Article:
Imagine leaving behind your relatives and friends to pack your life into a wagon and set out across the uncharted Great Plains, rife with danger at every turn. In the 1800s, thousands did just that, departing from St. Louis, Missouri to head out west. Many of those kindred spirits landed in the fertile farmland of what would one day become Linn County, Oregon, and through their hardship and achievement, they developed a life long bond. In 1887, the Linn County Pioneer Association formed, kicking off an annual reunion for the homesteaders, where adventure stories could be shared and recorded. They had left family behind, so they created a new one.
Originally, membership necessitated proof of residence prior to 1855, but following the deaths of the founders, requirements were loosened to include anyone dedicated to preserving heritage and shaping the future. For its first several years the gathering bounced between nearby Crawfordsville and Halsey, but each and every year since 1893 the residents of Brownsville have come together on the banks of the Calapooia River to celebrate perseverance and kinship, making the Pioneer Picnic the longest continually running community event in the state.
In those early days, families from all over Linn County would journey for miles by horse and buggy, setting up tents and blankets to enjoy three days of musical performances, theatrical exhibitions and church services at the historic grandstands. Today, those customs hold true, along with a whirlwind of carnival games, pie eating contests, a three-legged race and a quirky Penny Scramble, where children jostle to find the coppers hidden in a large square of sawdust. The winner pockets the spoils, along with some additional prize money
Competition has been a mainstay at the Pioneer Picnic, but in the past, not everyone has approved. During 1917’s festivities, the games were deemed too noisy and distracting from tradition, and thus were eliminated. The ban didn’t work out as planned, when two teams assembled for a game of tug-of-war over the river, leaving visitors from Mountain Home soaking wet. Lumberman skills are also put on display, following the induction of the Logging Jamboree in 1956.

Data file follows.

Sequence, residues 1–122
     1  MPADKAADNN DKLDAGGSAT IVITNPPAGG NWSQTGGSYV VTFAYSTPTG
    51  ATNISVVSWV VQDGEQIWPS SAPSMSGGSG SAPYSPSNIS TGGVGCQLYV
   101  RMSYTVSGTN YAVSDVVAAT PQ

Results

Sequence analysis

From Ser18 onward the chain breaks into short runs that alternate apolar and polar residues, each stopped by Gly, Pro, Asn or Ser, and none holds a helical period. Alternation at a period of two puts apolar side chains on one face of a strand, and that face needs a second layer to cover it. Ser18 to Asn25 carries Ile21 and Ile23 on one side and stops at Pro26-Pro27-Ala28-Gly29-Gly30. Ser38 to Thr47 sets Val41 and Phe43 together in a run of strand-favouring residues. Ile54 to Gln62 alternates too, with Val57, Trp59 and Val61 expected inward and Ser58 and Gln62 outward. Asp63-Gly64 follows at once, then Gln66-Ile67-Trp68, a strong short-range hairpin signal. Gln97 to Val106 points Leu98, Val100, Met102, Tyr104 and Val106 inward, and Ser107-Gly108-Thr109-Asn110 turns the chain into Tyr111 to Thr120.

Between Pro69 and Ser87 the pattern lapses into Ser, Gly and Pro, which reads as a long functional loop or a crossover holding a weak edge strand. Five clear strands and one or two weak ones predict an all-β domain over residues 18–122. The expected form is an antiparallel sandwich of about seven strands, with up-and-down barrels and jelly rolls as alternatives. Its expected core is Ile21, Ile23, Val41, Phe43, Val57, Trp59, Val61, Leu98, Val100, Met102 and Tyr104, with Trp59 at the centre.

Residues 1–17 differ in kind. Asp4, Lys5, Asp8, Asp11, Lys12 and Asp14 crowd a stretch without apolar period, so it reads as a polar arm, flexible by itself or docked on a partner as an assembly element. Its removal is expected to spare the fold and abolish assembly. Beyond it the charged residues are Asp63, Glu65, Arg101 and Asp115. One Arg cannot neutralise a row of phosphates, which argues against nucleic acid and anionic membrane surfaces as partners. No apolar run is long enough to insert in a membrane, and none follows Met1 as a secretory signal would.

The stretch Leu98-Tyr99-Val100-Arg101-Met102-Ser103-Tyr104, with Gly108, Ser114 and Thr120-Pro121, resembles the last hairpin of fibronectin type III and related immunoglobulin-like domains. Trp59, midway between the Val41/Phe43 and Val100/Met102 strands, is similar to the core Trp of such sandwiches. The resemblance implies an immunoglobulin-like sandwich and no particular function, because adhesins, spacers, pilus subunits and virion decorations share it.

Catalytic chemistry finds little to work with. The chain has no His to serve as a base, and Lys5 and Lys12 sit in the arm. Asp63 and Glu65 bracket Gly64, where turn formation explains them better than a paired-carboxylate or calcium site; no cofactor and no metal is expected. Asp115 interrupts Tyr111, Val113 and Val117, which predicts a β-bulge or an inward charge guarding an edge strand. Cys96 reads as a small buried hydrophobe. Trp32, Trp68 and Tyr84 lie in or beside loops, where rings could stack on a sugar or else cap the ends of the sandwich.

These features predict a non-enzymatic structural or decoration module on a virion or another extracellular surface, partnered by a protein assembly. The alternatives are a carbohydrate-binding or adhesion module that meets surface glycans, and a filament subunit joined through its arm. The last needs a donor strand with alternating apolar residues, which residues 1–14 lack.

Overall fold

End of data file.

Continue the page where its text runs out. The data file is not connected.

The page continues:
Undoubtedly, the highlight of each year is the Grand Parade, where descendants of the original settler families ride down Main Street on decorated floats and antique cars, oftentimes dressed in 19th Century garb. Prime sidewalk real estate is claimed with camp chairs. Excited children hold baskets, ready to snatch thrown Tootsie Rolls and lollipops. Faithful subjects stand ready to wave to the newly crowned picnic queen and her court.
For 2016’s procession, lifelong Brownsville resident Mary Lou Neher took on the esteemed responsibility of Grand Marshall. Her grandparents Flavis and Anna Eggleston founded the Brownsville Creamery on Kirk Avenue, a family owned shop renowned for its delicious ice cream. In 1983, Mary Lou’s own mother Mattie K. Eggleston occupied the same role, so upon hearing of her invitation, Neher queried, “Are you sure? I don’t know if I’m old enough.”
She went on to perform admirably, as any of her fellow citizens would. Community is the driving engine of Brownsville’s most beloved celebration. Without the support of local businesses and countless volunteer hours, things would not be the same. But in the spirit of their predecessors, the residents of this small town are hardy. They may not have to deal with rattlesnakes and bouts of dysentery anymore, but through inclement weather (rain nearly cancelled the event on several occasions) and times of war, the mantra has always been that the picnic must go on.
Some things have changed at the Pioneer Picnic—the founders most likely didn’t hold a 3-on-3-basketball tournament. Still, many things have not changed at all, and at its heart, the principle of fellowship rings true. In 2017, the Pioneer Picnic will celebrate its 130th anniversary and takes place June 16-18. For a more detailed schedule of events visit historicbrownsville.com.
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